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An antique cash register.

History Of American Business

There’s a Chinese maxim that says “It’s easy to open a business but it’s an art to keep it open.”

Every commercial endeavor is founded on a basic human aspect—want. Prior to the existence of money, the world depended on buying a service or object in exchange for another service or object—a system of business known as the barter system. This method of trade originated the moment communication developed, as far back as the prehistoric times. The history of business organizations—from the Assyrian merchants in the 19th century B.C to the Dutch East India Company in 1602 A.D to the current array of multibillion dollar companies*—is a vast and truly remarkable one.

The world’s first Multinational Company

Many consider the Dutch East India Company as the first multinational corporation in the world. With their trade expanding to most parts of the world, the Company established a monopoly in the field of business for over 200 years by carrying out colonial activities especially in Asia. Despite the colonial nature of its operation, the Dutch East India Company, however, has gone down in the history of business organizations as the first ever multinational commercial enterprise.

The Industrial Revolution

The Industrial Revolution, which took place during 1700-1850 A.D, saw an unprecedented surge in technology, the effects of which we still see strongly prevalent in today’s digital age. In a way, some of the greatest pages in the history of the business organizations were written during the Industrial Revolution. An eruption of technological knowledge drastically enhanced the growth of several businesses like textiles, mining, metallurgy, chemicals, transport, medicine, and agriculture.

The entry of ambitious entrepreneurs

The giant leaps that technology made during the Industrial Revolution gave an impetus to the succeeding generations where large enterprises, headed by ambitious, revolutionary entrepreneurs thrived. Three names, if one were to pick and choose, that boosted the industrial world into a whole other arena of success were that of the Scottish Andrew Carnegie and the Americans John D. Rockefeller and Henry Ford. The three 19th-century industrialists didn’t just stamp their indelible marks in the history of American business, but in the history of international business possibly forever.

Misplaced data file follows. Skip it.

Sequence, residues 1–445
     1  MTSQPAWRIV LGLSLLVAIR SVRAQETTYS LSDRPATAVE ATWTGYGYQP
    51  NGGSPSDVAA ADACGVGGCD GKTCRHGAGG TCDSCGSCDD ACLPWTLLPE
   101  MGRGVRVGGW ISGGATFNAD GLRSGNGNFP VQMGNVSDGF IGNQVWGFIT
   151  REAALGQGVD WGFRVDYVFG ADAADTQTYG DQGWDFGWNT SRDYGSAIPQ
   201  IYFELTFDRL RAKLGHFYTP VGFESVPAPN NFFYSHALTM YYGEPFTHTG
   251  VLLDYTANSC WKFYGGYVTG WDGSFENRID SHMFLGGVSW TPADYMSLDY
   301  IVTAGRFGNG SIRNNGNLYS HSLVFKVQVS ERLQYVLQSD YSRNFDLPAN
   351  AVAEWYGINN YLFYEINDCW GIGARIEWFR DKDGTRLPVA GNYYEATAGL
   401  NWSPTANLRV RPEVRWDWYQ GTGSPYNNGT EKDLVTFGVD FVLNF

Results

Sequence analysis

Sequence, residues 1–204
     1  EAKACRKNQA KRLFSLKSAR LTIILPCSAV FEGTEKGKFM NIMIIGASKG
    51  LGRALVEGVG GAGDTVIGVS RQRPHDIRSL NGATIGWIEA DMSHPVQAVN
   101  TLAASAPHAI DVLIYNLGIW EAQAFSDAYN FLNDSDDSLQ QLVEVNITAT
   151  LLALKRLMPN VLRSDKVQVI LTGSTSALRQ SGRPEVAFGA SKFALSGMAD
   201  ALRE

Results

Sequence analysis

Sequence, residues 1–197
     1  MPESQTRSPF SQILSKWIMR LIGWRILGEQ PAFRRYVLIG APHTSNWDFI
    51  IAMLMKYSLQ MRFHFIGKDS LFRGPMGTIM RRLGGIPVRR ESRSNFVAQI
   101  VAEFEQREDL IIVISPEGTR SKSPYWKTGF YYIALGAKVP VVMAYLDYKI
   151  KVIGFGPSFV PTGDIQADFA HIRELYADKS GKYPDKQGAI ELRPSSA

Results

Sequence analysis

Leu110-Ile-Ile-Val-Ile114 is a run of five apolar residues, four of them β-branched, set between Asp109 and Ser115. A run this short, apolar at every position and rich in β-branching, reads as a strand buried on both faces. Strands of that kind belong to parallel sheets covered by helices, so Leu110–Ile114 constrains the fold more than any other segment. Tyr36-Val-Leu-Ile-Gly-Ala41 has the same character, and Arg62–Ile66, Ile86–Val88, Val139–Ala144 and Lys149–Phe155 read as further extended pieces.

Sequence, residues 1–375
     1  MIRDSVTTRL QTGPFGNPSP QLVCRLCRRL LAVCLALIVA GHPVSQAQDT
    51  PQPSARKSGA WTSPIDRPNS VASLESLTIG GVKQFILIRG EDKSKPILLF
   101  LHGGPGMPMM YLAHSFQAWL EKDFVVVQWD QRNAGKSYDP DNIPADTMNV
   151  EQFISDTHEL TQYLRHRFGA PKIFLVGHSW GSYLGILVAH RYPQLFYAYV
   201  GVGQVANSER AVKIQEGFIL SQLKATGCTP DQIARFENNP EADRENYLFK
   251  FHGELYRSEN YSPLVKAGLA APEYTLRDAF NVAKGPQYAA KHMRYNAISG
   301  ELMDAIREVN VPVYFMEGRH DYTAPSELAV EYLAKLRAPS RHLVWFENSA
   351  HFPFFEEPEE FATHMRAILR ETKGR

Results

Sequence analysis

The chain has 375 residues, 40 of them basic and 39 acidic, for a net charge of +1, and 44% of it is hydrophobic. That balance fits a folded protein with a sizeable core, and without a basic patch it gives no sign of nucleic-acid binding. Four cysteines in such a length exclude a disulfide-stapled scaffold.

Andrew Carnegie and the Steel Business

The Carnegie Steel Company, which was located in Pittsburgh, didn’t merely see the rise one of the world’s most successful businessmen, but created an all around progress that laid the foundation for America’s superior standard of living in today’s age. As far as the history of American business goes, the Carnegie Steel Company was the one company that transformed the infrastructure of the modern world. Carnegie’s steel possessed two qualities that gave every business an inevitable upper hand—quality and cheapness. With the boom of the Carnegie Steel Company, bridges, skyscrapers, and high-rise buildings increased, and with it the standard of modern day infrastructure.

“Concentration is my motto - first honesty, then industry, then concentration.”

Andrew Carnegie

John D. Rockefeller and the Petroleum Industry

Rockefeller’s Standard Oil Company changed the petroleum industry forever and put his name in big bold letters in the history of American business, as well as the history of international business. He was the first person in the history of American business to earn the title of being a billionaire. He is often quoted by financial and business magazines of today and is considered the richest man in history. Despite his several commercial commitments, Rockefeller, much like Carnegie, was one of the greatest philanthropists of his time.

Henry Ford and the Automobile Industry

He revolutionized mass production with his unique manufacturing process known as “the moving assembly line” that was able to finish a car within 98 minutes. By making available inexpensive automobiles to a large group of people, the Ford Motor Company raised the standard of living for American people and made America one of the leading economies. The history of American business owes a lot to one of the greatest American visionaries, Henry Ford. He was also a pioneer of welfare capitalism, which earned him a godlike status in the history of international business and in the hearts of laborers.

American Businesses Evolve

Today, as we set sail through the infant stages of the 21st century, business organizations and multinational corporations are not a handful, but almost a dime a dozen. With the unparalleled rise of technology and the advent of e-commerce, every man could be a businessman if he had the drive and the will to work hard enough. The Internet, perhaps, can be credited for being the single biggest reason for the commercial boom that we experience all around us. Today’s heroes aren’t war heroes or revolutionaries or celebrities, but business tycoons* who, with their ambitious mind and through their relentless hard work, have made life far more comfortable and easier.

Companies like Microsoft™, Nokia™, Sony™, Nike™, Honda™, Wal-Mart™, and Apple™ aren’t just names of corporations to the people of today, but integral components of their everyday life. These big names and similar others, are already some of the most successful corporations in the history of business organizations, and will undoubtedly live on in the history of international business as some of the companies that changed the world forever.